• You’re applying for a grant that requests an audit. According to Learn Grant Writing, grantmakers often ask nonprofits to attach financial documentation to their grant applications to demonstrate a history of effective financial and grant management. While some funders might require you to submit budgets, annual reports, or past tax returns, others may specifically request an audit report.

However, just because your nonprofit isn’t required to conduct an audit doesn’t mean you’re off the hook! You still might consider auditing your organization’s finances—whether formally or informally—to experience the other benefits that these procedures can offer.

2. Benefits of Financial Audits

Whether your organization’s financial audits are mandatory or optional, going through the process provides several advantages to your nonprofit, including:

  • Regular accountability. By undergoing an audit every year or every few years, your organization will find it easier to maintain the same high standards for financial reporting and comply with legal requirements for nonprofits over time.
  • Clear opportunities for improvement. Especially if it’s your first time conducting an audit, your report may not be perfect—and that is okay! The auditor’s recommendations will likely provide you with a roadmap for using your funding to further your mission more effectively.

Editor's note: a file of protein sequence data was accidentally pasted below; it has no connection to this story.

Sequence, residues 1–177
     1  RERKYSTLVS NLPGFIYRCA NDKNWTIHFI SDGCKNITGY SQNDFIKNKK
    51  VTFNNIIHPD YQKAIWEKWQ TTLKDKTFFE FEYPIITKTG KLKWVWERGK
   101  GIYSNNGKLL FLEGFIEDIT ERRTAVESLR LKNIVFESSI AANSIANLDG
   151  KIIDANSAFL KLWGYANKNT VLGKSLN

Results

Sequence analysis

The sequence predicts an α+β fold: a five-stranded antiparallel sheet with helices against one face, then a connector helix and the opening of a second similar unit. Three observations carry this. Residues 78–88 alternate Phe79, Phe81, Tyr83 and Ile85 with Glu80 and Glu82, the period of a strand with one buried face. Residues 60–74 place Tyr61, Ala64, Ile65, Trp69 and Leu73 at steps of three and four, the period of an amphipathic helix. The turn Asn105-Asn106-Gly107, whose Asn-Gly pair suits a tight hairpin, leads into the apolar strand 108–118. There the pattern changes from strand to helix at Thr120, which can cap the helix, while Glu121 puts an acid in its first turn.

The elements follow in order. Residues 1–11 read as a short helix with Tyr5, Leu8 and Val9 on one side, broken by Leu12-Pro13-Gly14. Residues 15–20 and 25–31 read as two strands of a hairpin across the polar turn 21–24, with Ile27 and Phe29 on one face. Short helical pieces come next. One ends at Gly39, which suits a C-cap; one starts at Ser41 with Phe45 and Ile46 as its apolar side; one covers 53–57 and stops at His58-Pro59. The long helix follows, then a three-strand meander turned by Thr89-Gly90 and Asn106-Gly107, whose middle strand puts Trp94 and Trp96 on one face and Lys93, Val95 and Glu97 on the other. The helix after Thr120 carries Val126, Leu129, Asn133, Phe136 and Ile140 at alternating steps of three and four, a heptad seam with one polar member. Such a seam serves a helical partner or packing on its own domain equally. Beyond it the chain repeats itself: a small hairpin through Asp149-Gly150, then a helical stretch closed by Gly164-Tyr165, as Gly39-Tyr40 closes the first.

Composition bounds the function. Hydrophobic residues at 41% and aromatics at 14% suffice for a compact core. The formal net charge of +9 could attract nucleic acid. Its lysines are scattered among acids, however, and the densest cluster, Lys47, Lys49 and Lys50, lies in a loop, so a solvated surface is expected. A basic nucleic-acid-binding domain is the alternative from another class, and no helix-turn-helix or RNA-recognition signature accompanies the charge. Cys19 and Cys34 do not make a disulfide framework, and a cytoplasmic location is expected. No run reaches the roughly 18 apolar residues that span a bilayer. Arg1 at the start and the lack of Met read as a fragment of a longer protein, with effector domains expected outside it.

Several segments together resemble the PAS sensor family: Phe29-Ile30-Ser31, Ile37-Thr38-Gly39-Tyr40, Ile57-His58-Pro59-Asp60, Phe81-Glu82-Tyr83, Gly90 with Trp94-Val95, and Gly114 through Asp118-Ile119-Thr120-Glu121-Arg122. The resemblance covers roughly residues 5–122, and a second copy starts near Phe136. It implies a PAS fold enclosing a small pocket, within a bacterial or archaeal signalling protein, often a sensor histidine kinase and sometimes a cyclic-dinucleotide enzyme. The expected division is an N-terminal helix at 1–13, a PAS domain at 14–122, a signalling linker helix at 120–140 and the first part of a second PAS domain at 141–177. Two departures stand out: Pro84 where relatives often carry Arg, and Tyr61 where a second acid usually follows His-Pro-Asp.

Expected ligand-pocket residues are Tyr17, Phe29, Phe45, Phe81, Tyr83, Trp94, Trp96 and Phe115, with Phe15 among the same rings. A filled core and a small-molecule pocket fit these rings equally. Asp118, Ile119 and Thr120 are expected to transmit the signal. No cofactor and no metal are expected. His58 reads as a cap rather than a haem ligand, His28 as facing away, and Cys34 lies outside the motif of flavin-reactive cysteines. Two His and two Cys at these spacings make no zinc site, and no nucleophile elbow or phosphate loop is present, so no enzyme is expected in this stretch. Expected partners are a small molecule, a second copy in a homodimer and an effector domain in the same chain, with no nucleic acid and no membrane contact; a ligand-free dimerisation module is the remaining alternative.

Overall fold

• Increased transparency. If you communicate to donors that your organization has undergone an audit and that you’re making improvements based on it, they’ll know that you take financial management seriously and feel more confident that you’ll use their contributions wisely.
  • Potential reputation boost. Charity watchdogs like Guidestar, Charity Navigator, and the Better Business Bureau sometimes rank organizations higher if they conduct audits since it demonstrates that the nonprofit is trustworthy.

While you can experience some of these benefits by informally auditing your organization’s finances yourself, it’s more effective to work with an external auditor. Not only will you have an official audit report to submit for compliance and back up your reputation, but you’ll also get a more objective perspective of your nonprofit’s financial situation. You’ll need to put in extra effort to prepare beforehand and apply the auditor’s recommendations afterward, but the benefits of an external financial audit will likely outweigh the costs.

3. The Audit Process & Timeline